Errm first time I came to NYC, the A-train was not running and thus I had to take the bus from JFK to Manhattan, passing through Queens, in December... it's been the first time in my life that I saw homeless people standing around a barrel with a fire lit inside. Prior to that I thought this would only exist in movies. Over the years I stayed in NYC for a few months, visited Boston, Chicago, Miami, Tucson, Phoenix, Salt Lake City, Alta, Park City, Sun Valley, Las Vegas, lived in L.A. during the Rodney King Riots and traveled some parts of Virginia, Pennsylvania, Nevada, Utah, California and (of course) the National Parks there... I'm no expert on American values or way of life and you definitely live in one of the ^most amazing countries on this planet, but I got enough of a first hand experience to know that - if push comes to shove - you got some real shady characters over there... definitely not my cup of tea. shrug

But back on topic:

Rouge: I guess you're right but there IS poverty in the US. There IS starvation and some people neither do have a home, access to medical support or shelter. Quite often it is just about the grass being greener on the other side... wink


the best smiles are the ones you lead to wink

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EpitomeOfNovice
EpitomeOfNovice

Putting the "FUN" in fundamental since 1981
Location: Dover, Delaware USA
Member Since: 15th Sep 2009
Total posts: 787
Posted:Originally Posted By: Rouge DragonI think that it's because the US definition* of "struggling to make ends meet" is vastly different from the Mexican/Guatemalan/poor, developing country's definition of "struggling to make ends meet." *or UK, or Aus, or NZ etc

I've been to Mexico and there are parts where it is poor (no more poor than some bad parts of Baltimore, isolated parts of West Virginia, or tent villages of people outside of Honolulu or Kehei who cannot afford rent and still go to work/send kids to school/etc.), but poor none the less), but they still have electric and running water for the most part. Their current problem is with the drug cartels being domestic terrorists there. Mexico is a developed country and I've worked with many of their people in up here across the border, lucky our US dollars are worth a lot more down there than here. None the less, they miss their homes and once they save enough they can go chill in that awesome climate they have down there.

Quote:As as previously been discussed, people who are fortunate enough to live in the first world consider cars as a necessity and include their struggle for survival to be to pay for petrol for their car. People from countries who see the US as their "golden opportunity" probably see "struggling to make ends meet" as literally risking their lives as they go to work (as people do in some countries) or risking the lives of their children for reasons such as sanitation and nutrition.

Luxuries are not things required for survival, there is a difference between a tool and a luxury. People risk their lives to work here as drug dealers and prostitutes because if they didn't they would surely die or if they refuse (due to our human trafficing problems). They make a much better living than anyone working for minimum wage and shouldn't have that taken from them because of lacking a right to choose to do what they wish with their own bodies. Those are also the only ways to really make money as an ex-convict or a person with a low credit score who will be denied for almost all reasonably paying regular jobs that are still laying people off and having companies shut down. It's a vicious cycle that throwing money at hasn't even slowed down in the slightest.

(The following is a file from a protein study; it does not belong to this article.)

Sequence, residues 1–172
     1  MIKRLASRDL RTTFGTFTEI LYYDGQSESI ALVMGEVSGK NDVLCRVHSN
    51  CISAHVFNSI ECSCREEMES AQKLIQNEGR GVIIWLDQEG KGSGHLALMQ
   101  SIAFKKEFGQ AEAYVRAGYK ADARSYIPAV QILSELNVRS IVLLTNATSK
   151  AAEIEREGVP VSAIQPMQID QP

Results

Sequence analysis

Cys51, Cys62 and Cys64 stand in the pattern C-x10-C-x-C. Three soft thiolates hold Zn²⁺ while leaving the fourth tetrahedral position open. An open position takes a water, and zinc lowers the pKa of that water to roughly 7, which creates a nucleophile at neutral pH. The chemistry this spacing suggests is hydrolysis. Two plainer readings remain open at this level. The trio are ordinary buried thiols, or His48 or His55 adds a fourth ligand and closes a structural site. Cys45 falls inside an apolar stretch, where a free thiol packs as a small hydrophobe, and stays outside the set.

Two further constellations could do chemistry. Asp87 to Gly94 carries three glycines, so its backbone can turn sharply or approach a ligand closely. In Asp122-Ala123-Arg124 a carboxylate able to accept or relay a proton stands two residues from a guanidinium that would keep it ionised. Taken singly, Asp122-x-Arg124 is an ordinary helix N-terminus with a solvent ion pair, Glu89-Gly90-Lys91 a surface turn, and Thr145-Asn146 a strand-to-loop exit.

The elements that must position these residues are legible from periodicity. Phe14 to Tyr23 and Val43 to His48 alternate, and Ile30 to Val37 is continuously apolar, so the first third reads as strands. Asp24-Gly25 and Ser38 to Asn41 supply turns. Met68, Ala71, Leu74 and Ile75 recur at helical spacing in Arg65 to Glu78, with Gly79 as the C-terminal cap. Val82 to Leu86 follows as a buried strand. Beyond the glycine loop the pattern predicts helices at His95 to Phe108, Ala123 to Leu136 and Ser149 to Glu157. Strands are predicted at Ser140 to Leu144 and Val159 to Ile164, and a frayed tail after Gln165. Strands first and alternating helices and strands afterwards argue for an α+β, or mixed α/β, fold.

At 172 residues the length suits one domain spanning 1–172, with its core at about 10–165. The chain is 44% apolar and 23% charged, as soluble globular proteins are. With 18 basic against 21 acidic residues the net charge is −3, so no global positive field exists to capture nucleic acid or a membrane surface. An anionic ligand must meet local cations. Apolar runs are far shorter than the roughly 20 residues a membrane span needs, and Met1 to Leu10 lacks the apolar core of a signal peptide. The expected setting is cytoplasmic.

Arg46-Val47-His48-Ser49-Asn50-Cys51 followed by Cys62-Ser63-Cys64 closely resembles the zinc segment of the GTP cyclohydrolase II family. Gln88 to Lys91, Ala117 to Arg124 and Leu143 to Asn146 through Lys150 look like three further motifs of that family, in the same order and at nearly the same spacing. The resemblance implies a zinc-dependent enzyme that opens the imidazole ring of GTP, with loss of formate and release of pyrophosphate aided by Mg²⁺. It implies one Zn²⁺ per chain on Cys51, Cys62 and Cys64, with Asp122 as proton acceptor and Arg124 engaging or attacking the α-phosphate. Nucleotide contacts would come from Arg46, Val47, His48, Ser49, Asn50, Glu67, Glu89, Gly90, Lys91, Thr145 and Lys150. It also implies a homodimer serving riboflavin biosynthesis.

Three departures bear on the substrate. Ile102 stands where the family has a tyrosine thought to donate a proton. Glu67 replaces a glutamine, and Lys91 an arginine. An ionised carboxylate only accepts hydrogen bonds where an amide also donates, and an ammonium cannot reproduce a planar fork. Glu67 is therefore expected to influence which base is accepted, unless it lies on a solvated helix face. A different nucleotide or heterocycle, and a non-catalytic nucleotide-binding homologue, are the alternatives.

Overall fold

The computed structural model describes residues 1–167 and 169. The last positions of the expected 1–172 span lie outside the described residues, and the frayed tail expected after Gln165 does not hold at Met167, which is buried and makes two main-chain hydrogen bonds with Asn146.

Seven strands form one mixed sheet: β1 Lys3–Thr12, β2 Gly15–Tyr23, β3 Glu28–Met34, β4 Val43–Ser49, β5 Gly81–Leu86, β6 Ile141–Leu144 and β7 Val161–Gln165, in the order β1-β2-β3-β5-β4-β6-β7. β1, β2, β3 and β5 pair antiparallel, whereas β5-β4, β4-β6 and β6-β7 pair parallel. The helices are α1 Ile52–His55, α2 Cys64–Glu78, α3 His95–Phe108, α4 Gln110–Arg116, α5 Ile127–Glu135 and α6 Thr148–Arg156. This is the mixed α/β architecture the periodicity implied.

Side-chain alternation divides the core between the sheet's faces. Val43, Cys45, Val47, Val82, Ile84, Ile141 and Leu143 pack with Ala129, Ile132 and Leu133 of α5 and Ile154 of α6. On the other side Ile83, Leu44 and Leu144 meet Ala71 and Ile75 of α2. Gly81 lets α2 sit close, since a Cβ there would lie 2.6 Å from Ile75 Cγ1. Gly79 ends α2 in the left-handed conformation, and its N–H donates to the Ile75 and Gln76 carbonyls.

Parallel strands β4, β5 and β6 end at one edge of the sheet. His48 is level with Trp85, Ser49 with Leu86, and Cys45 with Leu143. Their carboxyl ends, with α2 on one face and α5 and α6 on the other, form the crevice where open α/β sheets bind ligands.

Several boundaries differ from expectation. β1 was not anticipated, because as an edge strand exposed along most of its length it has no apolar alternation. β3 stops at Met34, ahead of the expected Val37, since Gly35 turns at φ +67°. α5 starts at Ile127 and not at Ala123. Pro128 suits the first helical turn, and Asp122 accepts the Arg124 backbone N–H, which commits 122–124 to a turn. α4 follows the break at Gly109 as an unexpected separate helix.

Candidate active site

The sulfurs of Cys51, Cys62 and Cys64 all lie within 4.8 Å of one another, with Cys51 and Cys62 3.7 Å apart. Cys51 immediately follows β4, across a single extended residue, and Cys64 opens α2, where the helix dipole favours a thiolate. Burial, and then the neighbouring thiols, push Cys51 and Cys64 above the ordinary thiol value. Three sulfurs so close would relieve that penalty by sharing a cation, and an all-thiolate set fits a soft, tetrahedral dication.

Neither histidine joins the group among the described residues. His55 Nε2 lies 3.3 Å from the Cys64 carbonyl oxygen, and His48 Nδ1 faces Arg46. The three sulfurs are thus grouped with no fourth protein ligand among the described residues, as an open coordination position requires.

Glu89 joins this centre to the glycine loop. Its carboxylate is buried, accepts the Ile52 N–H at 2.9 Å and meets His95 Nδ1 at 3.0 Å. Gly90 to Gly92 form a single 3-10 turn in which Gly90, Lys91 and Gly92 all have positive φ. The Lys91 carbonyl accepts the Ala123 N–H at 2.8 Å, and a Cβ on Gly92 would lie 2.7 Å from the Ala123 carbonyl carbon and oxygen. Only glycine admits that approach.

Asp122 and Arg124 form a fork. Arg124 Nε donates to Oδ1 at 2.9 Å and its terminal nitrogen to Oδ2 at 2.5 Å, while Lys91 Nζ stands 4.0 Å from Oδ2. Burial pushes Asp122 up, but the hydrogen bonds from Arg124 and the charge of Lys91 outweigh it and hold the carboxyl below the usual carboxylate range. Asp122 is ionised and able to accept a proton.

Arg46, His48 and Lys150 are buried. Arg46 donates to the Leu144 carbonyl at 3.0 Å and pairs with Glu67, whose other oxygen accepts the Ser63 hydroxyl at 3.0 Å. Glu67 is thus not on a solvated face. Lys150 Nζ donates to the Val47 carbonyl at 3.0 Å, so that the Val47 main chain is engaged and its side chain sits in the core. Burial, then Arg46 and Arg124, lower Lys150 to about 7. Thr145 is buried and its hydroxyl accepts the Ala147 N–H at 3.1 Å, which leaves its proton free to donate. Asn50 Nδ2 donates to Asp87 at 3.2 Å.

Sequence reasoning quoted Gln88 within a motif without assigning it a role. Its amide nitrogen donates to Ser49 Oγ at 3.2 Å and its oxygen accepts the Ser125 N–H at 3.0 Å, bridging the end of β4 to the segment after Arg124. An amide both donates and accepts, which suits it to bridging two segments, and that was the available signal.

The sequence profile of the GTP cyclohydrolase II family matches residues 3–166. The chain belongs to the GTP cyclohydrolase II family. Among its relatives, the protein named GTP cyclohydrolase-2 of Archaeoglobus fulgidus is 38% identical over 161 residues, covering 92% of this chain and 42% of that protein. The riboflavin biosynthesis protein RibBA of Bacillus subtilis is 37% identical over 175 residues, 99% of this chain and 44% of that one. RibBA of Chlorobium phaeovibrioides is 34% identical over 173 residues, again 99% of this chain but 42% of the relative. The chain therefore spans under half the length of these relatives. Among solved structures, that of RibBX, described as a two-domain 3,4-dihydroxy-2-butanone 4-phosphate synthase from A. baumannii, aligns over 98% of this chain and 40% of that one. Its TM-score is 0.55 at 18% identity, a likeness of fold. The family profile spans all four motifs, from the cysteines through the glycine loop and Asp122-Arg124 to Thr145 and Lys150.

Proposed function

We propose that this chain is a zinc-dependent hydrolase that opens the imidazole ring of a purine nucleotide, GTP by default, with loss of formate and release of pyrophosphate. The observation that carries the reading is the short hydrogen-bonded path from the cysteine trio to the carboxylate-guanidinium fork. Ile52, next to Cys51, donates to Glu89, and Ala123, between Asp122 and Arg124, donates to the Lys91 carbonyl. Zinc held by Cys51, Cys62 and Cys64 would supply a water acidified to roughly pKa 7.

Quote:Living with 4 people to one bedroom is probably a very, very small price to pay for those people given what they were probably living in in their home countries. The four people in one bedroom in the US probably has electricity and running water for a luxurious start!

Have you ever been forced to do this and do you understand that if you don't pay your power and water bill it's turned off? Utilities aren't for free, my electric bill last month was $200, water $50, and gas for heating $150 on top of paying my rent in a pretty low income area.

You do know that this is how our citizens live in many cases just to afford their rent (which normally starts at $700 per month for a one bedroom pending it's a non-affluent area) and the ones who are forced to squatting in abandoned buildings. Many live like this in my apartment complex and in the surrounding areas and they aren't undocumented immigrants either.

I don't think anyone can have a true appreciation for how hard things are in their own backyards when they have never been forced to be entirely self reliant or they don't stay in them long enough and go try to label another country as having problems because of superficial class terms that are absurd and irrelevant. As far as I'm concerned when people don't pull their own weight they're a liability and I have the utmost respect for the undocumented people doing everything they can to send a good life back home that someday they can hopefully rejoin.

Rouge, if you don't mind me asking the question and I'm not trying to be impolite, how do you manage to eat, keep a roof over your head, and pay your bills while being unemployed and why haven't you been able to find a reasonably paying job or a job at all?

I'm just curious about your life and experience in Australia and how you manage to survive when you're out of work without some kind of help. Maybe many of us (at times) are not that different than our perceptions of other lands if it were truly up to each of us to pull our own weight and there wasn't someone close by to help.


~Rock on!~

"As the pattern gets more intricate and subtle, being swept along is no longer enough"-Waking Life

(All you RLers this is epitome_of_lame *waves hello*)